Posted by Jonathan Maus ( Publisher/Editor ) on April 26th, 2010 at 2:25 pm
Back in February, Portlander Ken Southerland got a ticket for attempting to give a friend a ride on the back rack of his bicycle. In the summer of 2007, I saw two Portland Police officers issue a ticket to a man on Alberta Street for the same offense. In the latter case, the man was operating a tall bike with a home made wooden deck on the back (see photo below).
In Oregon, there’s a state law that prohibits “unlawful passengers on a bicycle.” With the popularity of Xtracycles and other long-tail bikes where people ride on the rear rack, and the general tendency for “doubling” (which is far from just a Portland phenomenon), I wondered whether or not the examples above expose yet another unfortunate grey-area in Oregon law that could negatively impact people who ride bicycles.
July 2007 for carrying a passenger on the
rear deck of a tall bike.
The law cited in both cases mentioned above is Oregon Revised Statute (ORS) 814.460. It states:
A person commits the offense of unlawful passengers on a bicycle if the person operates a bicycle and carries more persons on the bicycle than the number for which it is designed or safely equipped.
In the case of Mr. Southerland, he had a standard road bike outfitted with a steel pannier rack (made by local builder Mitch Pryor). After getting his $143 ticket, Mr. Southerland posted to the Shift email list looking for advice. He asked,
“What constitutes “the number for which it was designed to carry?”… And what does that say about the recent flood of passengers on extra-cycles? Are these designed to carry more than one person? And if so how does that differ from my bike?”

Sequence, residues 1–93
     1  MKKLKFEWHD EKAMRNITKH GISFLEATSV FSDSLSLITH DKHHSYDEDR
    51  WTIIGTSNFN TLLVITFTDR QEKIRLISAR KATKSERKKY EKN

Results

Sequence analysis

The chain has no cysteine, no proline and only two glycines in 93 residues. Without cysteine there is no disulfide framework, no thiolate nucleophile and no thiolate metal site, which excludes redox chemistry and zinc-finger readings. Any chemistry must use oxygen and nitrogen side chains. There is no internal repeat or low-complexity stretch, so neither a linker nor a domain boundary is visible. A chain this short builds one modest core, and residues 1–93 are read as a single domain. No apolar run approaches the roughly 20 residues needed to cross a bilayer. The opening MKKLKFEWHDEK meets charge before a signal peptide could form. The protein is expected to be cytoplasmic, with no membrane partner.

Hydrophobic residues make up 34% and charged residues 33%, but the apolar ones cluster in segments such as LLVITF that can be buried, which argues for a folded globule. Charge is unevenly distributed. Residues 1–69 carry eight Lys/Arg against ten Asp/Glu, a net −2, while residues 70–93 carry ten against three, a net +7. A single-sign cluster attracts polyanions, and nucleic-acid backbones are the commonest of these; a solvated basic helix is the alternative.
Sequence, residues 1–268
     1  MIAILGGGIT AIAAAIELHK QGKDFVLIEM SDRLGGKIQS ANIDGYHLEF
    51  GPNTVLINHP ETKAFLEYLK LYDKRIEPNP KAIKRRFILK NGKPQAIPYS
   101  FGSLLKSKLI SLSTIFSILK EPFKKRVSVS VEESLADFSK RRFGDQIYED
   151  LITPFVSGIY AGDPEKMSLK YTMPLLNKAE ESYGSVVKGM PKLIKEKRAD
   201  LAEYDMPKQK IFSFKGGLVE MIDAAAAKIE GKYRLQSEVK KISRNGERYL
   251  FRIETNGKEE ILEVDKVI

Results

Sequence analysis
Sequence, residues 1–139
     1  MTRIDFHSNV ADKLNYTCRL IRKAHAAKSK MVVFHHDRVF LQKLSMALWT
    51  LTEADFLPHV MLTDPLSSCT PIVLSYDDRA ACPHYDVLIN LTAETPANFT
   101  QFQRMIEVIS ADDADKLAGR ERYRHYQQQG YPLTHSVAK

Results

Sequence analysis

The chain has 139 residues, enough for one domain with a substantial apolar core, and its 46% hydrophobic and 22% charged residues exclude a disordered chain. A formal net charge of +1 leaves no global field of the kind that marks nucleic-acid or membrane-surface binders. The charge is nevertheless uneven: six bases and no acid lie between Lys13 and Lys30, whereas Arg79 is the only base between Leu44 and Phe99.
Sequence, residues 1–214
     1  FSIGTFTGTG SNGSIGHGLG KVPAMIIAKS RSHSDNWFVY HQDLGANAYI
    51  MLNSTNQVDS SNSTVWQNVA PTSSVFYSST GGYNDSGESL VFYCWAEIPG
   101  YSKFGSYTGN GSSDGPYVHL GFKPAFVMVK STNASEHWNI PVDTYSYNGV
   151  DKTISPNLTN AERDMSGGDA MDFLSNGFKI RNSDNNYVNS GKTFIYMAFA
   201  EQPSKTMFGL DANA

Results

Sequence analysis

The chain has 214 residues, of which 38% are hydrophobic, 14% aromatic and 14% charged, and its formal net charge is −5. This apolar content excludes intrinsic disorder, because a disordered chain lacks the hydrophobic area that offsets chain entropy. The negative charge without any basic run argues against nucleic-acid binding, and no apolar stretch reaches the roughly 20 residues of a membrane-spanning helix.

For insights on this issue, I spoke with Portland bike lawyer Mark Ginsberg (who happens to be representing Southerland in his fight against this ticket). Ginsberg said that people who carry kids and friends on Xtracycle decks have nothing to worry about because those bikes pass the “consumer expectation test.”
Ginsberg said that because the manufacturer displays photos of the bike being used to carry people in that manner, consumers have the expectation that the racks are designed for that purpose (he cited the 2001 Oregon Supreme Court case of McCathern v. Toyota Motor Corp. as precedent). “The consumer is allowed to look at the advertisements and rely on them.”
In Southerland’s case, where the passenger was on a conventional pannier rack, the law states that the bike must be “designed or safely equipped” to handle a passenger. Since pannier racks are clearly not designed for passengers, whether or not they can safely carry one is up to the State to determine, says Ginsberg. “The burden is on the state… innocent until proven guilty… the State has to prove that the rack in question isn’t safe.”
Ginsberg will get a chance to make that case when he and Southerland go to court in June.
The situation that seems to be most open to interpretation is when the rack/platform is on a “freak bike” and not purchased from a known manufacturer. Ginsberg says in those cases, the State must either prove the rack is unsafe at the time they issue the citation, or they must determine that it was not designed to carry a person. And when it’s a home made bike, it’s up to the builder to make that determination. “Who’s to say it isn’t?” says Ginsberg.
I’ve only heard of two citations being given for 814.460 in the last three years, so I doubt this will become a big issue (like the fixed gear brake saga). In a nutshell, as long as the rack you’re using is reasonably sturdy and you’re operating in a safe manner, you shouldn’t have any trouble with the law. But then again, “safe manner” is open to interpretation, and we’ve seen what can happen when traffic court judges interpret bike laws.